The "malicious attack from Russian hackers that cracked security on an Illinois water utility and destroyed one of its main pumps turned out to be what Wired called a "comedy of errors" after interviewing the prime suspect for a story that ran last week.
That doesn't mean utilities in the U.S. – especially electrical utilities – are not desperately vulnerable to attack.
The U.S. electrical grid in particular is not only just as vulnerable as it was before the risk of cyberattack became obvious, the negative impact of a real hack keeps rising, according to a two-year study published today by researchers at the MIT Energy Initiative in Massachusetts Institute of Technology Sloan School of Management.
U.S. utilities are building more intelligence into their networks to make power distribution more efficient, but the mesh of regulations and regulators involved is such that their security efforts are incomplete, inadequate and uncoordinated, according to the 268-page study (PDF of full report, or by section), which also examined risks from weather, the impact of federal regulations, rising prices for fossil fuels and competition from sources of renewable energy.
The risk of a Stuxnet-like attack on utilities was dismissed by many security experts after the revelation that reports of a successful attack on the Illinois water utility hack were mistakes, the possibility that it is possible was not.
During the same week investigators were wondering if foreign intelligence services would bother cracking an Illinois water company to ruin a water pump, a hacker known as 'pr0f' posted evidence to Pastebin of having successfully cracked a South Houston water company, whose security was so appallingly bad pr0f complained it hardly qualified as a hack to crack security on the SCADA system that relied on a password only three characters long.
Utility company managers, however, seem more concerned with the cost of fossil fuels and environmental regulations than they are with the risk of cyberattack. Many utility companies are lobbying the Obama administration for more leeway in complying to environmental regulations after complaining that Environmental Protection Agency rules may force them to shut down some coal- and oil-fired plants, according to BusinessWeek.
Attacks on the network are "a greater threat to our reliability" than the cost of adhering to anti-pollution rules, according to the Federal Energy Regulatory Commission's John Norris, also quoted by BusinessWeek.
The utilities aren't pushing for any real solution to that, though they may be the only ones.
No one in charge to enforce rules that are too lax about security anyway
One big problem: there isn't one agency in charge of security regulation for the whole national grid, according to the two leading researchers on the MIT report, John G. Kassakian, provessor of electrical engineering and computer science and Richard Schmalensee, a professor of economics and management.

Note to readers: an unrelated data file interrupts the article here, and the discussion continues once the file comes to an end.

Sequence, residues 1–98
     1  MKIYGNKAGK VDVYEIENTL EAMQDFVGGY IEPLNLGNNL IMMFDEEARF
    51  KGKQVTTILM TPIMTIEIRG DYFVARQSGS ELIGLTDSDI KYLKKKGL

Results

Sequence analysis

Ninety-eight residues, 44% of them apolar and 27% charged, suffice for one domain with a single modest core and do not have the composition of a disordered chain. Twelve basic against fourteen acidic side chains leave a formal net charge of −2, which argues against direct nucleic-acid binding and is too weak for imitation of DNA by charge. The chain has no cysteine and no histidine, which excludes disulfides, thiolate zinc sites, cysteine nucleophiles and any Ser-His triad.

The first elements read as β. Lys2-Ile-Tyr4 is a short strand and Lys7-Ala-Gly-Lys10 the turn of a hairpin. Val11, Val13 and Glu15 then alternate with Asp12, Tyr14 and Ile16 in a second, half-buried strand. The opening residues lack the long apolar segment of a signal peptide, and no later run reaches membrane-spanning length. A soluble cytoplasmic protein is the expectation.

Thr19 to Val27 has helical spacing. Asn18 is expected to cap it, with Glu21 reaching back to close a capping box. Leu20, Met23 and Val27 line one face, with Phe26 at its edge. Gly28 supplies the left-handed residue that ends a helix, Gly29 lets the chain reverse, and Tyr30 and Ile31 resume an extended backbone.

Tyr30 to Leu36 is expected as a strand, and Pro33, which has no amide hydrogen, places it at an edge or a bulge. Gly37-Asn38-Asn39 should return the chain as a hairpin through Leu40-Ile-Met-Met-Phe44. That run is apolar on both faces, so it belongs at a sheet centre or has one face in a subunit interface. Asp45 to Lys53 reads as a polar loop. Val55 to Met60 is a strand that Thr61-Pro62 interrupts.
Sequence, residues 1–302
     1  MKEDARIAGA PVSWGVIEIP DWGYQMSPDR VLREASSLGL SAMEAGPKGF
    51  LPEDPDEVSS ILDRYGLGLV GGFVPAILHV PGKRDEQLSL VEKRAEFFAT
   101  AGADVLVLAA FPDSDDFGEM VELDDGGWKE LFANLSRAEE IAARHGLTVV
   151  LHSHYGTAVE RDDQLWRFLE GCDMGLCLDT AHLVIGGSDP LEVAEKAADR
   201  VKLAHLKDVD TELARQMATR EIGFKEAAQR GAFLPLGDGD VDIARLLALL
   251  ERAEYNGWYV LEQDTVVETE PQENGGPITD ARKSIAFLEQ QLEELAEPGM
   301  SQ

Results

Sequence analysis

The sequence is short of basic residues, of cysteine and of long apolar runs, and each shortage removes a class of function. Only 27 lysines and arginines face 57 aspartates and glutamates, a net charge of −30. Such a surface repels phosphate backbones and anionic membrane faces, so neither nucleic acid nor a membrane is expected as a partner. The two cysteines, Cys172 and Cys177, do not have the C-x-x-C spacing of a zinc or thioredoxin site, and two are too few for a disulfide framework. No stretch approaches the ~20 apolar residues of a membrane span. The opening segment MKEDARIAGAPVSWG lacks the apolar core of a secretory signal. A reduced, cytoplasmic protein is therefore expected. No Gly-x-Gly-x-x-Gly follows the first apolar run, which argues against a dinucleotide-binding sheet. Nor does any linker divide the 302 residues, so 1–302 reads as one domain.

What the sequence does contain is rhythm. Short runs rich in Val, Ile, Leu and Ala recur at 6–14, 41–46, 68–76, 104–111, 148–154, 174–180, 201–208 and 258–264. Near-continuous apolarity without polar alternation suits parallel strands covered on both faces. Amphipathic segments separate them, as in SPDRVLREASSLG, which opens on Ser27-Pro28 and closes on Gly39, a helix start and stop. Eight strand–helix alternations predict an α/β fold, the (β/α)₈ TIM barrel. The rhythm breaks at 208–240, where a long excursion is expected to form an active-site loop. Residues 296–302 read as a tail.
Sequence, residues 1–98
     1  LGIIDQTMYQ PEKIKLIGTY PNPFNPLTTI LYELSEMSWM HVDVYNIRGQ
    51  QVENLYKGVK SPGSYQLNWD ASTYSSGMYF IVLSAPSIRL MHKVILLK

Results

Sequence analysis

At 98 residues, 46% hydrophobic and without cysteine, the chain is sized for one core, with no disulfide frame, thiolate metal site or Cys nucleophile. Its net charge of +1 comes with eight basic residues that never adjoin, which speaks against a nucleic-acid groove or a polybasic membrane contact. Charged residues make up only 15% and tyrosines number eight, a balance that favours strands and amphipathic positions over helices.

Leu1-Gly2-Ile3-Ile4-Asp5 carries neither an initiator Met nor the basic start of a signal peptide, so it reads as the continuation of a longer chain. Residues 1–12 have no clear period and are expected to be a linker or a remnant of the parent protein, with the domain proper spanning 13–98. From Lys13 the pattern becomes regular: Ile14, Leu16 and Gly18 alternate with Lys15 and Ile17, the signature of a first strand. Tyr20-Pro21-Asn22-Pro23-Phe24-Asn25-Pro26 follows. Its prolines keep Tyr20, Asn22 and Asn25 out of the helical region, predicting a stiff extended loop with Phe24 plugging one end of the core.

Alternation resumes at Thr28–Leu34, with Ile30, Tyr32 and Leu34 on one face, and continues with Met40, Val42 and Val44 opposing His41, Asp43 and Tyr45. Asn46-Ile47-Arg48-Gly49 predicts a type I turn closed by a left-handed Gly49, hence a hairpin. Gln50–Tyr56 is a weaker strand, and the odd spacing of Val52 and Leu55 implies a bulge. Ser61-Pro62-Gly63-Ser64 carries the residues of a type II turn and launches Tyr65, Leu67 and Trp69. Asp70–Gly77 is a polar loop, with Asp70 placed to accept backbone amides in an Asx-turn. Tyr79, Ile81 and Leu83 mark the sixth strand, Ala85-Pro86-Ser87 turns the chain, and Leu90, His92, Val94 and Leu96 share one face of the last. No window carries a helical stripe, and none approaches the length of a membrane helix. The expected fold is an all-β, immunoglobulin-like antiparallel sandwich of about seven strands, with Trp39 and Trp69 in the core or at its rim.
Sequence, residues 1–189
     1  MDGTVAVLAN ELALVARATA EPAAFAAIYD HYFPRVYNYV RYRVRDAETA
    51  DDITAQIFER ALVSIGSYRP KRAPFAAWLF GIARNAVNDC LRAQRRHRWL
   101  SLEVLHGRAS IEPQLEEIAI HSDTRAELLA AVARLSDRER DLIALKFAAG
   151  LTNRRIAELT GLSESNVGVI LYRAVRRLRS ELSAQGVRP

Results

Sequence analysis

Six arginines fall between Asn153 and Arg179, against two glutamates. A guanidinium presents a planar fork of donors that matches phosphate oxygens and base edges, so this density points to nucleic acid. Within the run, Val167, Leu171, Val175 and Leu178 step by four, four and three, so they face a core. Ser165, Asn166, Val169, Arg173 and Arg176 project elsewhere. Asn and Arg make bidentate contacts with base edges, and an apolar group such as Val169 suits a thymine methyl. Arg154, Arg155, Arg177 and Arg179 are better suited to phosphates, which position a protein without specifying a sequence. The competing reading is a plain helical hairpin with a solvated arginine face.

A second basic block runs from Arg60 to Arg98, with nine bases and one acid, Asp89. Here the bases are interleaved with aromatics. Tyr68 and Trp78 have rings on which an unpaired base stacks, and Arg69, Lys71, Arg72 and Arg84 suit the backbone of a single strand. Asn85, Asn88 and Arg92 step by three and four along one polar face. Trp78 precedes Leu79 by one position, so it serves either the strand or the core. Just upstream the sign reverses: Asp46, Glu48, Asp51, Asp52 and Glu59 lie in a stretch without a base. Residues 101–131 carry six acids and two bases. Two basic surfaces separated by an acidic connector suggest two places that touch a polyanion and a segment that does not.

Right now responsibility for physical and digital security is split between the North American Electric Reliability Corp. (NERC) in Atlanta and the National Institute of Standards and Technology (NIST).
Another big problem: Regulations aren't tight enough to balance the level of actual threat, and may not any time soon, according to the MIT study led by John G. Kassakian, a professor of electrical engineering and computer science, and Richard Schmalensee, a professor of economics and management.
Though NIST and NERC as well as a scrum of other agencies are looking into cybersecurity for utilities, NIST is pushing for the creation of regulations that mirror what are currently considered "best practices" in the industry, rather than rules based on actual risks and data on countering them.
The effort is backed by the Electric Power Research Institute – a consortium of utilities and their representatives – and regulators who want better regulations in place right now even at the cost of making them less effective.
Existing NERC security rules will not be enough to hold off the kind of multifaceted spear phishing and malware-based attacks referred to by government security agencies as Advanced Persistent Threats, according to a presentation NERC Regional Security CoordinatorJim Brenton made (PDF) at the NERC's Grid Security Conference in October.
Brenton, who told attendees during a session he called a "wake-up call" for the industry, encouraged utilities to update intrusion-detection tools, hire digital security operations specialists and switch to continuous security monitoring rather than the paper-based compliance system NERC has required until now.
As part of an ongoing effort to raise security as a priority utilities will take seriously, NERC organized 75 utilities and government agencies into a cybersecurity exercise called GridEx 2011 – its first – Nov. 15-17 to "test and validate existing crisis-response plans and to adjust plans as needed in an exercise setting."
Feds can't tell if utilities are secure
Unfortunately, while NERC can fine utilities up to $1 million per day for failing to comply with security rules, having responsibility for creating and enforcing regulations spread among several agencies makes it difficult to even coordinate enforcement of current rules, let alone develop new ones to cover increasingly serious threats in the future, the MIT report concluded.
The Federal Energy Regulatory Commission currently has no way to monitor industry compliance with current digital security measures, according to a Government Accountability Office report cited by the MIT researchers.